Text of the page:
Ecology is based on the fact that humans are just as much a part of the fabric of life as any other animal or life-form, and therefore the interests of humanity and nature are not in opposition, but the same. Marx and Engels’ “lord of Nature” statements are not exceptions to their overall theory of social development, but its inevitable end. A linear march of history, whereby “progress” is narrowly understood as stemming from economic growth, cannot be compatible with an ecological perspective.
One may rise to the defense of Marx and Engels and point out the terrible social misery and poverty of 19th century Europe, which would justify the demand for economic growth. In fact, this echoes the thinking of much of the American Left today, living in the most affluent economy that has ever existed, but which still de-prioritizes ecology in favor of the short-sighted demand for investment to “create jobs.” The error of this logic is not that it calls attention to the need for economic resources, but that it places such need in opposition to the needs of the planet. Instead of downscaling and decentralizing the economy so that people can meet their material needs in an ecologically balanced way, capitalism is understood as “necessary” precisely for its immense centralized structures of production and distribution. Critiquing only the distribution and not the production, shallow Leftist politics seek to give more resources to the poor by exploiting the planet to a greater degree.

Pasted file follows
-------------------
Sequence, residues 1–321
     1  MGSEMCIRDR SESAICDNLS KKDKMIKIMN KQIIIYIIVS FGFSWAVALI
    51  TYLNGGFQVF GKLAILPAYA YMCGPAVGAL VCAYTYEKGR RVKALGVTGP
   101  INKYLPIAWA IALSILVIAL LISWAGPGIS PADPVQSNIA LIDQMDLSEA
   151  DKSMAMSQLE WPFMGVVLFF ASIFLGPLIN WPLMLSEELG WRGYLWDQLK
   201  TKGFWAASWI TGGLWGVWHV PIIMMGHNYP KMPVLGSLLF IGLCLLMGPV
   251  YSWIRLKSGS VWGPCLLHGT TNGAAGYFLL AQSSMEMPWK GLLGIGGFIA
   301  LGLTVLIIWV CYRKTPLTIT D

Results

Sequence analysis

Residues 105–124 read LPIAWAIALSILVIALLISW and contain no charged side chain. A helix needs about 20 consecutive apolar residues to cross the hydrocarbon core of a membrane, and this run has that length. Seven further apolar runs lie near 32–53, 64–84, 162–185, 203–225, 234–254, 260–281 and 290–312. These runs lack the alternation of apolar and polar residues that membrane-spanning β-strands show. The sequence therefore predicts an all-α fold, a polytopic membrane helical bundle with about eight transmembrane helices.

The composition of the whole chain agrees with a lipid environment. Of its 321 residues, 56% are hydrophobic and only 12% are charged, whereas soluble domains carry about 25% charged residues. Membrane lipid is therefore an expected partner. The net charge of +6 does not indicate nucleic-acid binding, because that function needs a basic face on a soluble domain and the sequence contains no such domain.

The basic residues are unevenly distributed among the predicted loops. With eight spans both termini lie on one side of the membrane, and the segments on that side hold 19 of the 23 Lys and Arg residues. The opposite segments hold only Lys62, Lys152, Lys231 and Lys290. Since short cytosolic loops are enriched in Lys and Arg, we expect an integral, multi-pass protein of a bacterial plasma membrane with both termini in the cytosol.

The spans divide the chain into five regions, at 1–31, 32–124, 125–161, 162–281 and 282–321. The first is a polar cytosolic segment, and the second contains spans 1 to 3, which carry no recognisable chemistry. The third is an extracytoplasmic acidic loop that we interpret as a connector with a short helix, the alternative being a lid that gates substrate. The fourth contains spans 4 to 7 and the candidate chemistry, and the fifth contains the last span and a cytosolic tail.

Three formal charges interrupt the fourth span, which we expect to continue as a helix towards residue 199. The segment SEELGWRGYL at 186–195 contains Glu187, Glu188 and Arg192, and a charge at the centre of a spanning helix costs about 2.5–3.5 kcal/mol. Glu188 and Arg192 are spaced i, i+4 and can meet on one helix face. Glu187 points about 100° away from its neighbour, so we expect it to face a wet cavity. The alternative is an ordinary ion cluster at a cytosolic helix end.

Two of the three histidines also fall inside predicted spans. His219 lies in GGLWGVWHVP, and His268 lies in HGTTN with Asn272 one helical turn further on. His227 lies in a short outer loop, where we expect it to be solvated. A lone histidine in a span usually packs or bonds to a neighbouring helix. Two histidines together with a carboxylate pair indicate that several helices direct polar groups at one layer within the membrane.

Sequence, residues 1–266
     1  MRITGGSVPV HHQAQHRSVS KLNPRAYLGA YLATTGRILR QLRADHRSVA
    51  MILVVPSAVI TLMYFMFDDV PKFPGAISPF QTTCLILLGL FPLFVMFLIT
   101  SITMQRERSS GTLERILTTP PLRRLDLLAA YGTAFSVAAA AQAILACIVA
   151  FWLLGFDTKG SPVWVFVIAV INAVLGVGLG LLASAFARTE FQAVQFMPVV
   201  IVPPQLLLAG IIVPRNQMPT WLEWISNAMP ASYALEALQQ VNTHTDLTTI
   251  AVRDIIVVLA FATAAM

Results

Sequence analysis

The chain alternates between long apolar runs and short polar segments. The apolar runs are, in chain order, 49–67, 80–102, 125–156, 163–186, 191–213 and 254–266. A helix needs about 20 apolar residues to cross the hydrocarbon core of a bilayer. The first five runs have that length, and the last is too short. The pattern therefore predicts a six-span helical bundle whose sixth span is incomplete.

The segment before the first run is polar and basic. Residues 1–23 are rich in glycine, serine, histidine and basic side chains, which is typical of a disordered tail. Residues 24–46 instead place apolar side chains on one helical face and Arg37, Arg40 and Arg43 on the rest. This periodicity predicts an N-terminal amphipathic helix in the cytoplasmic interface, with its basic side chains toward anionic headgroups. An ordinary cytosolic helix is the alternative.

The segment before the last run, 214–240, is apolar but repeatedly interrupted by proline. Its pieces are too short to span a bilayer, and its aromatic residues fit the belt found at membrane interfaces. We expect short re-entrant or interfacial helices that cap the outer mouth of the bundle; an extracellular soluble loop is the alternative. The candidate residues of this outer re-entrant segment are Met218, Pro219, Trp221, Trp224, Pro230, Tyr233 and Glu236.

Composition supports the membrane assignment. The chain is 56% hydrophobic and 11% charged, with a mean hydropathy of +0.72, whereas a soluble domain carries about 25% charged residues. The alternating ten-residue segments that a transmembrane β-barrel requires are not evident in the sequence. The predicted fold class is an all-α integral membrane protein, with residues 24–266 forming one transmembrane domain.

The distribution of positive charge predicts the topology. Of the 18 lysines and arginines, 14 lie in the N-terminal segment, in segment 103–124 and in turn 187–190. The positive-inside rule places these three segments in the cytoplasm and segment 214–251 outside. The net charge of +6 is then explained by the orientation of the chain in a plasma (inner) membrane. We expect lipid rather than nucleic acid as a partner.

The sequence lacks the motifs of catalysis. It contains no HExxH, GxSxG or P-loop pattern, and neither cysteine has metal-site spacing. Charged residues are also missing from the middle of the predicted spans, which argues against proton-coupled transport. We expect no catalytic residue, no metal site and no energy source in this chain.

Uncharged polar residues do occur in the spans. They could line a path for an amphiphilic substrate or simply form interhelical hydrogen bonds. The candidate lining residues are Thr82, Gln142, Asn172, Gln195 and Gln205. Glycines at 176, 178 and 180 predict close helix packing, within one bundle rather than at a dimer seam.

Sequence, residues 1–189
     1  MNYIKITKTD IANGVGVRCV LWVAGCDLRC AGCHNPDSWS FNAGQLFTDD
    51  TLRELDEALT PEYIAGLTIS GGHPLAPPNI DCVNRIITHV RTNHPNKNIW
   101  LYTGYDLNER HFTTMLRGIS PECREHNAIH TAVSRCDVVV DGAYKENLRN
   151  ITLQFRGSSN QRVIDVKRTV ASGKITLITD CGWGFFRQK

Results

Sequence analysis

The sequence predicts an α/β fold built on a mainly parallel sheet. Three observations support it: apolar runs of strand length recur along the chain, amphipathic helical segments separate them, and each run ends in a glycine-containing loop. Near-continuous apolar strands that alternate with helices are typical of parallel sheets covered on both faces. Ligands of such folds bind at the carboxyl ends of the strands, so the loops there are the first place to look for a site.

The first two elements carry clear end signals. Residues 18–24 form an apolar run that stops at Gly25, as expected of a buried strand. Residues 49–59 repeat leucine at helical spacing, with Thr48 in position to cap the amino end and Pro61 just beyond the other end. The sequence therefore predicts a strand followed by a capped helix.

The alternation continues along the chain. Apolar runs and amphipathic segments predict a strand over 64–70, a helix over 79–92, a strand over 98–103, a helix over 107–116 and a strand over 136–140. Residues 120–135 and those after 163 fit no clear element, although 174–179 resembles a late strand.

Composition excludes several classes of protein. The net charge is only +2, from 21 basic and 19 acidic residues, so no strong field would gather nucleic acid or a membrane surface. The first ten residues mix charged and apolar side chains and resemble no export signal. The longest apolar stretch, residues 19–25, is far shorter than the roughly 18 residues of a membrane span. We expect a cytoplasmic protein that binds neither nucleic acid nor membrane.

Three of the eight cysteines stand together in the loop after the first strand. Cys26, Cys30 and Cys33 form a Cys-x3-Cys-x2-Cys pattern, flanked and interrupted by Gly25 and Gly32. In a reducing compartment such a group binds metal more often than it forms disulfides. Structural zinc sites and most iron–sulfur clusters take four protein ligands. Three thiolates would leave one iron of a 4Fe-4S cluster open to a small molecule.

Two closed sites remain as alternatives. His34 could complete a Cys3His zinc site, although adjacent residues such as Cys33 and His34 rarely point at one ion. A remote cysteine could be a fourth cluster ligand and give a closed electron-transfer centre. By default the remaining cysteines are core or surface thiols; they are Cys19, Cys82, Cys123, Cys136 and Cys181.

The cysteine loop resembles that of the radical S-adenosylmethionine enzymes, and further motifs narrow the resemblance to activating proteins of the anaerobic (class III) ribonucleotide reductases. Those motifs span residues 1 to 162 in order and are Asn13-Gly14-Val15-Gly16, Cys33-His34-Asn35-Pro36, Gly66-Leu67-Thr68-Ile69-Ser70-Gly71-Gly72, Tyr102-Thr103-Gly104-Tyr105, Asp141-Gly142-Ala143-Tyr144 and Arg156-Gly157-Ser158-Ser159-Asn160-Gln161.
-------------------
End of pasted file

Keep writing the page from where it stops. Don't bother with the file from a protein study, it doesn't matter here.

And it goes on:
Now that industrialism threatens to destroy the Earth’s biosphere itself, the bankruptcy of this position should be obvious. One hundred and fifty years after Marx wrote his masterwork Capital, we can now see quite viscerally that capitalism is “advancing” us off a cliff.
Capitalism: A Historic Setback
Marx’s linear march of history not only leads to a dead end, it confuses its beginnings. Specifically, Marx fails to give full weight to the terribly violent origins of capitalism and ultimately justifies these horrors as necessary to reach a “higher stage” of development. However, as Silvia Federici points out, capitalism did not bring social progress with its emergence. On the contrary, it is better understood as a global system of abuse, which for the last 500 years has perpetuated itself through violence against the poor, women, people of color, rural communities, and the planet itself. In this view, “It is impossible to associate capitalism with any form of liberation” (Federici 17). Capitalism is better understood as a historic setback, from which we must recover not by “expropriating” it, but by abolishing it.
Marx does devote space in Capital (1867) to the brutal violence that created the landless European proletariat and launched the capitalist system into dominance over Europe. He refers to these violent beginnings as “primitive accumulation,” or the “historical process of divorcing the producer from the means of production” (Marx-Engels Reader 432). What this meant in lay-men’s terms was primarily the driving of Europe’s small farmers and peasants from their land and homes, and forcing people into the wage labor market. In contrast to the “bourgeois historians” who wash over these “enclosures” as merely a matter of “freeing” the workers from serfdom, Marx points out,